Western Pacific Motive Power

Motive power on any railroad is necessary for the movement of goods carried in freight cars and people in passenger cars. Usually requiring a large initial investment, they are an operating expense. From the first day of arrival on the property, locomotives require maintenance. In order to perform that maintenance a trained workforce is necessary as is a physical location(s) from which to perform said duties, all involving expenditures of capital. Motive power pulls the revenue producing equipment while at the same time costing valuable dollars to maintain. Although Western Pacific did not posses the shop space nor the shop forces to continually carry on a heavy rebuilding program they concentrated on maintaining a fleet of locomotives that usually had the most current and up to date components that could be installed. With a consistent maintenance schedule and running repairs, unit availability remained at a high percentage level.

With a ruling grade of 1% on most of the right of way, short fast trains were the norm. With the exception of the 2-8-8-2, 4-6-6-4, and 2-6-6-2 articulated’s all of WP’s steam locomotives were of the 4-8-4, 4-8-2, 2-8-2, 2-8-0, 4-6-0, and 0-6-0 wheel arraignment save for a lone 2-6-0. The prominent wheel arraignment being the 2-8-0 with 65 examples. Passenger trains were usually handled by the 4-6-0’s with the exception of the Exposition Flyer and Royal Gorge which usually drew a 4-8-2 or 4-8-4. Both coal and oil were used as fuel with coal predominately on the eastern end of the line.

From the first three SW-1 switchers delivered in 1939 to the last ten GP40-2’s delivered in 1980 Western Pacific maintained one of the finest locomotive fleets in the nation. EMC/EMD products were the preferred motive power with a total 214 units, which represented 76% of the all-time diesel roster. Baldwin came in last with only 5 examples or 2% of the total roster. ALCo built twenty-four units for WP, which equated to 9% of the all-time roster and GE contributed thirty-six locomotives for a 13% share. 1950 brought the most new units to the roster with forty-six delivered, the bulk of which were EMD products save for four ALCo S-2’s. No other year comes close for delivery of new units. 1500 and 3000 horsepower units were predominate on the roster with eighty units each. (F units were computed as single units). Next were the 2700 horsepower FT AB sets with twenty-four units.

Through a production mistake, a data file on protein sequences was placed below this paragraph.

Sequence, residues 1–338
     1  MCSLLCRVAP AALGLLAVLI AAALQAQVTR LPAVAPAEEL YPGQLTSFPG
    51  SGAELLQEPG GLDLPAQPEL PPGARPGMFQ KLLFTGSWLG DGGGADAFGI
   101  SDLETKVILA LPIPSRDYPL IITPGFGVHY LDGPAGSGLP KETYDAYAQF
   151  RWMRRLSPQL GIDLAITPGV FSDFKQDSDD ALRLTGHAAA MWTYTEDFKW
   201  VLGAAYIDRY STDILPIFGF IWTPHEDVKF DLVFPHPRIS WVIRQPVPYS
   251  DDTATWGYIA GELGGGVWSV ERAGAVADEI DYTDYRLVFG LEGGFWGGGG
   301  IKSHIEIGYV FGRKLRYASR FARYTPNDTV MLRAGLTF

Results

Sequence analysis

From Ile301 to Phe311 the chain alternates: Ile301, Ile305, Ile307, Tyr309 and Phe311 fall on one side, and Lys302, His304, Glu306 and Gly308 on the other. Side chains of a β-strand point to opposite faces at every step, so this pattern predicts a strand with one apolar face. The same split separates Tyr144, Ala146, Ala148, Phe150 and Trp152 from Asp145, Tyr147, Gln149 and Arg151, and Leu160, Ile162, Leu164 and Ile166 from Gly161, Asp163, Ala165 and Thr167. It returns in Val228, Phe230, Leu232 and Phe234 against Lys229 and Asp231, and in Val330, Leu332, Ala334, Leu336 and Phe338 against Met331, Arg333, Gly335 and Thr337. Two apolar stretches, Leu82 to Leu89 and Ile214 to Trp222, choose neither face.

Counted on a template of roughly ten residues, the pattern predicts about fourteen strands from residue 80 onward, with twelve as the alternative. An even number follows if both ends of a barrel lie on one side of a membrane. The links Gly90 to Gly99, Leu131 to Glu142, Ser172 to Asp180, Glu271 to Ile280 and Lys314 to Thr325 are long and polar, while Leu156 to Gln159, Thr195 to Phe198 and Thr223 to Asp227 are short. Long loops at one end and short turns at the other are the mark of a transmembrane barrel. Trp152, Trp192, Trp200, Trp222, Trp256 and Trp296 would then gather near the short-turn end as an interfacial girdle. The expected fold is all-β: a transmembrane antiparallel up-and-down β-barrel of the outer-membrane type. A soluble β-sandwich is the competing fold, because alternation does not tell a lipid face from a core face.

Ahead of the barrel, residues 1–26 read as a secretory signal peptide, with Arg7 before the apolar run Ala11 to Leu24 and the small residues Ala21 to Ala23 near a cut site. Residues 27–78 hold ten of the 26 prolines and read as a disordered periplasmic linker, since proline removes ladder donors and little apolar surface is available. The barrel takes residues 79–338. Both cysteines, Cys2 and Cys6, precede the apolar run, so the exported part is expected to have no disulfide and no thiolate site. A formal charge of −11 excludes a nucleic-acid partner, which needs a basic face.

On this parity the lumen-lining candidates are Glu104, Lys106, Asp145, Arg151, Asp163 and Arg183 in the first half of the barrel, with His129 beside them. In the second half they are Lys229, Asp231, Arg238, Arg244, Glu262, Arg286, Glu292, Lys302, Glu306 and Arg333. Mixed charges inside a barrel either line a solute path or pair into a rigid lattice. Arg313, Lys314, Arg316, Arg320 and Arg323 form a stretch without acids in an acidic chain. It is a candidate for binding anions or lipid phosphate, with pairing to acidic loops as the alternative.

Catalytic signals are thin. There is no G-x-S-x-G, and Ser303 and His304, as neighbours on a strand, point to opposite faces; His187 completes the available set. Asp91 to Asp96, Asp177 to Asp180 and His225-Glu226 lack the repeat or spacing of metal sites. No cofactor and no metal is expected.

One interesting feature existed on the WP, that was the opportunity to see motive power from other railroads in many different paint schemes. From the pooled power agreement with the Burlington Northern to the locomotive lease agreements with the Union Pacific a variety of foreign power could be seen. Virtually every major model of locomotive on the BN roster made appearances on the WP at one time or another and in the colorful paint of it’s predecessor roads. Although UP usually sent WP only SD40 and SD40-2 units, it did provide models of many designs, including various GE locomotives, EMD GP30 A&B units, SD24 A&B units and SD45’s. Large scale increases in business had WP leasing power from the Rio Grande and also operating BN and UP power system wide, a practice not common until the 1970's.

Copyright © 1996 - 2017 by Frank Brehm. All Rights Reserved.